Dinner SOSis the podcast where Bon Appétit answers your highly specific cooking conundrums, thanks to host and food director Chris Morocco and a rotating cast of cooking experts. Here, Chris goes deeper into this week’s kitchen emergency, which you can listen to here. 

You like cake, you want cake, and now we are giving you the tips you need to bake cakes as well as Bon Appétit’s resident baking expert Shilpa Uskokovic does (which is to say: very well). The latest episode of BA’s podcast Dinner SOS features a spirited conversation between Shilpa and me dedicated to helping you level up in the cake department. Here are a few tips discussed in the episode:

If you still don’t own a digital scale, this is your last warning. Measuring ingredients by weight doesn’t just make better baked goods, it transforms the way you bake. You can add ingredients right to a bowl—all into the same bowl—without clumsy measuring cups. You will work faster, which will make you want to make more cake. You will be caught in a glorious positive feedback loop of joyful baking for the rest of your life. For $25. Which is a pretty good bargain. Use the ingredients the recipe calls for. We can’t stop you from accidentally using baking powder instead of baking soda, but we can tell you that there is a huge difference in how specific ingredients perform in recipes, like bleached versus unbleached flour, for example, or Dutch-process versus natural cocoa powder. For a recent series of cake recipes, Shilpa called for bleached flour (flour that has been refined to remove all traces of bran; the label will clearly indicate this), which is softer and bakes up fluffier, and doesn’t hydrate as much. Bleaching in this context doesn’t involve chlorine! Don’t overmix. This can happen at several stages during cake making. You can over-cream fat and sugar, incorporating too much air, resulting in a crumbly or dry cake, or you can overwork the batter once the flour and dry ingredients are added, creating toughness instead of tenderness. A Bon Appétit recipe will always give you a clear indicator of what to look for (is it pale and fluffy?) in addition to a time range for critical steps. Use your senses and, when in doubt, err on the side of undermixing.  Always check for doneness. Shilpa recommends using a digital thermometer (cakes will usually be done around 200°F) or the “touch test” to see if cakes are done. The touch test is just that: lightly pressing the top of the cake in the center and seeing if it gently springs back when poked; this tells you the crumb is firm and set, no longer wet batter. But Shilpa isn’t writing this article, so she can’t stop me from telling you that, while perfectly valid, those are more advanced techniques. There is an easier way—a wood toothpick works just fine. Prepare your pan before you start cooking. Parchment paper works better than nonstick spray, coating with butter and flour, or prayers. However, parchment isn’t practical for some pans, especially decorative ones with irregular surfaces like Bundt pans. I like using a light coating of fat before laying a round or sheet of parchment into a pan to make it stick, which starts you at an advantage when pouring in thick batters that can displace the parchment or that don’t stay flush against the pan. If you are using a spray, we highly recommend Baker’s Joy. Whatever method you choose, be sure to do it before you start mixing so your batter has someplace to land as soon as you’re ready.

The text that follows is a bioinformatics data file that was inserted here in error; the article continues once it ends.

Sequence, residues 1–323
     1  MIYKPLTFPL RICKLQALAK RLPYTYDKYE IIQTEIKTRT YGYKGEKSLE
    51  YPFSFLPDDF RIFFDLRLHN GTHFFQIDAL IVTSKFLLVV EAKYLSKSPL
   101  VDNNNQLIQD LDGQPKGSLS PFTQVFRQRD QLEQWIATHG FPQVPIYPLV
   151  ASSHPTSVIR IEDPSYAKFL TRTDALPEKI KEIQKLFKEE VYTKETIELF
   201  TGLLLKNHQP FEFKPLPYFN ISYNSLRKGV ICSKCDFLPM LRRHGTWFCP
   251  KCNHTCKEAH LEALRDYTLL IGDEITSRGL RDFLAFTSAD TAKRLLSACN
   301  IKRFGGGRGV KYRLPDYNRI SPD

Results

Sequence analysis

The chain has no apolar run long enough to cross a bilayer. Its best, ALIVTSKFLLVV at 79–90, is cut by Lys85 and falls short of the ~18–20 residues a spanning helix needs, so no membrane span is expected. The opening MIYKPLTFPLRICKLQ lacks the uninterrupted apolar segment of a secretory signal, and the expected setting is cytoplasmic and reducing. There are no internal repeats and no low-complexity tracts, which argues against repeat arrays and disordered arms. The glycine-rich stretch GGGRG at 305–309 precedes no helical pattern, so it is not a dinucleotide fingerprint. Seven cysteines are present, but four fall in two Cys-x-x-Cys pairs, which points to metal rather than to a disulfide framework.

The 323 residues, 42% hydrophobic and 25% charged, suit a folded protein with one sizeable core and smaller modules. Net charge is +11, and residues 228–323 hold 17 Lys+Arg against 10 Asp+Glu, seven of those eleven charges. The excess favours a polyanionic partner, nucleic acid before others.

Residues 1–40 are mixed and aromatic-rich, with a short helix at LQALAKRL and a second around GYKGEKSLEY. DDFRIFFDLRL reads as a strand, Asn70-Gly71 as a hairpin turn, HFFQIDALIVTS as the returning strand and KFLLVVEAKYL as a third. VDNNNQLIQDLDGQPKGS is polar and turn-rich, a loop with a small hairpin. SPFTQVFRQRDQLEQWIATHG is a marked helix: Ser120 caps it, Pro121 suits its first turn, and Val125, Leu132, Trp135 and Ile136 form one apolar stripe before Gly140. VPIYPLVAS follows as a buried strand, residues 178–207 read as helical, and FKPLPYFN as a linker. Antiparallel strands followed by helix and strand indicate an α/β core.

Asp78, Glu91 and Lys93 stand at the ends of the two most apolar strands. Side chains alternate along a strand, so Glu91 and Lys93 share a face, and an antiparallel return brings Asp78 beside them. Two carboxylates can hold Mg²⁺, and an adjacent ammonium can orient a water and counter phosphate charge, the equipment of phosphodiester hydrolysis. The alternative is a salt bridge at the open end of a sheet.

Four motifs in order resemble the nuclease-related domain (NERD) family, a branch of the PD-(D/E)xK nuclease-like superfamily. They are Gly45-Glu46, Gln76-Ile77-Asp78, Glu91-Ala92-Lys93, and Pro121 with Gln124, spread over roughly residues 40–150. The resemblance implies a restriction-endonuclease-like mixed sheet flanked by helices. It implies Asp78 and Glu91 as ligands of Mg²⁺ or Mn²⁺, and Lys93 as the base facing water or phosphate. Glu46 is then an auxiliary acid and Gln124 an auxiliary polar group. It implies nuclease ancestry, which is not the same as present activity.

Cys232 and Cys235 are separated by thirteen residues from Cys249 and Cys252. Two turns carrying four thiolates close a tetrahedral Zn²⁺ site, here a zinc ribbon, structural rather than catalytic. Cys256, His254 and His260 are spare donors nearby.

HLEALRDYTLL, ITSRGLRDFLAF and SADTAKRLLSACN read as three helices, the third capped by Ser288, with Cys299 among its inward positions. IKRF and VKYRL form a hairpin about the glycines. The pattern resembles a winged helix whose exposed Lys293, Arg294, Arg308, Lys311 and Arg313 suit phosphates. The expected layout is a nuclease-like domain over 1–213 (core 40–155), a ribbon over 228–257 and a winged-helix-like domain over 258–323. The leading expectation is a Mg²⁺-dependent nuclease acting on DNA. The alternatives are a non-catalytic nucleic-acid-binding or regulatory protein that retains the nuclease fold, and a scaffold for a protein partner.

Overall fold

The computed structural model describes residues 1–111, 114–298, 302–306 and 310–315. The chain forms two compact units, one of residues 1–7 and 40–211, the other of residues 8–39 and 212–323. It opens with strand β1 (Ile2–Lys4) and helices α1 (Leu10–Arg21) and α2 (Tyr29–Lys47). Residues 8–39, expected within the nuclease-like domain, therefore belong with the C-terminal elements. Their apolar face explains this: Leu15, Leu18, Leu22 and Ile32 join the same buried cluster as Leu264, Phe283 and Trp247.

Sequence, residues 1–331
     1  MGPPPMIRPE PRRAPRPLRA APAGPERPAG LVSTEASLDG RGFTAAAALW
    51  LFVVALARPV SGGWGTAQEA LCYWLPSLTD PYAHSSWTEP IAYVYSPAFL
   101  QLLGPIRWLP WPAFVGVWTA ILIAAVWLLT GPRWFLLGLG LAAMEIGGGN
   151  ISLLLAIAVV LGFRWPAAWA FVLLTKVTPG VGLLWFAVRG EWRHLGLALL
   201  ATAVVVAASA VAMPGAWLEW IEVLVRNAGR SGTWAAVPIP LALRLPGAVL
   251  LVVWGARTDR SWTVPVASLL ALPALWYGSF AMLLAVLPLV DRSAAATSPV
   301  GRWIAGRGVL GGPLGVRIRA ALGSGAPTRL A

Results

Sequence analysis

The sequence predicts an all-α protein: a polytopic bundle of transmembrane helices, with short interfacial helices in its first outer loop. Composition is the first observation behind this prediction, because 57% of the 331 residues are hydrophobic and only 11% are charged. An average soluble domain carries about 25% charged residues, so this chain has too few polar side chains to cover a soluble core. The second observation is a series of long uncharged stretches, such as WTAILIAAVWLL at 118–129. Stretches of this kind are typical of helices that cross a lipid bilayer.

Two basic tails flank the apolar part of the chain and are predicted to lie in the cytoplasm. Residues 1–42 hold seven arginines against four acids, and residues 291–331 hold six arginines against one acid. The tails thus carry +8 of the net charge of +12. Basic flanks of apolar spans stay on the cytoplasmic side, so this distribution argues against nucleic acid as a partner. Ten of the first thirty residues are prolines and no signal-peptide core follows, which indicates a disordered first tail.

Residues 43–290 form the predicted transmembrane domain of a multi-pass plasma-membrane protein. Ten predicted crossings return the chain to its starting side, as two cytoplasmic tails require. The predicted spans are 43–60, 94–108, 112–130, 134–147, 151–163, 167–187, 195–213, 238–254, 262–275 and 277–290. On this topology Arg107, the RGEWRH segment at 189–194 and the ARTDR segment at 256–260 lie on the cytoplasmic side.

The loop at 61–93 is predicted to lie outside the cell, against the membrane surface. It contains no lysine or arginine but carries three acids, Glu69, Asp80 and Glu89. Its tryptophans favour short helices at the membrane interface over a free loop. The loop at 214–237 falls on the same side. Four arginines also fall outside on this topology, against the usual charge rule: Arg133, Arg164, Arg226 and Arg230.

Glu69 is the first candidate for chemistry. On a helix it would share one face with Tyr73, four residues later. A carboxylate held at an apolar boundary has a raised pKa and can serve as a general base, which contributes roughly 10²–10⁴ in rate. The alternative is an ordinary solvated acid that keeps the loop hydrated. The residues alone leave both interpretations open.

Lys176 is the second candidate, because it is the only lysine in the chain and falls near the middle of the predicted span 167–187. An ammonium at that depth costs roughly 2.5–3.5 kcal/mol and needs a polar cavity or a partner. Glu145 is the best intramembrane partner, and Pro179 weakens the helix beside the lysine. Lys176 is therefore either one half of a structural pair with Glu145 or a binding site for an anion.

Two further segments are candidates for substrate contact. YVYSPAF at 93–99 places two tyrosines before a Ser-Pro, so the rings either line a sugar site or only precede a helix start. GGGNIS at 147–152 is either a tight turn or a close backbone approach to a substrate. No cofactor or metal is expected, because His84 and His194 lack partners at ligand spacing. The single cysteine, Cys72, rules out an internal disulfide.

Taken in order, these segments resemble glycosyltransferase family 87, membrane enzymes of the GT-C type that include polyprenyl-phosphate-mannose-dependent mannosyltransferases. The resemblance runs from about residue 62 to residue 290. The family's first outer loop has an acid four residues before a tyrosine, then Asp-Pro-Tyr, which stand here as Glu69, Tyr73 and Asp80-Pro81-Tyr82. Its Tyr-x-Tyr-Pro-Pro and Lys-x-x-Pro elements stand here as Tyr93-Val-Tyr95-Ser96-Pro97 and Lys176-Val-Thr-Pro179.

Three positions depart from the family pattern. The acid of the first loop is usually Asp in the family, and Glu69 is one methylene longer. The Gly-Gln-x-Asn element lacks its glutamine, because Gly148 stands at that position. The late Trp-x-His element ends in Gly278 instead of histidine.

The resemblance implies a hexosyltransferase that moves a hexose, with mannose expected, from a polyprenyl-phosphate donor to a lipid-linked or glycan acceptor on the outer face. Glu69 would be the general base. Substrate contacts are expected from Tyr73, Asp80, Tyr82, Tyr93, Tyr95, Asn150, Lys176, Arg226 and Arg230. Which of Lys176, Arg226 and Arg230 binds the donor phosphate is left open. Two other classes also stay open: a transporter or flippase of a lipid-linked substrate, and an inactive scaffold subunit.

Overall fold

Listen to this week’s episode of Dinner SOS, then check out these five cakes Shilpa developed for any occasion. Happy baking!

Featured recipes:

Raspberry Cake With Whipped Cream FillingPineapple Upside-Down CakeVegan Banana Bread With Chocolate and Miso

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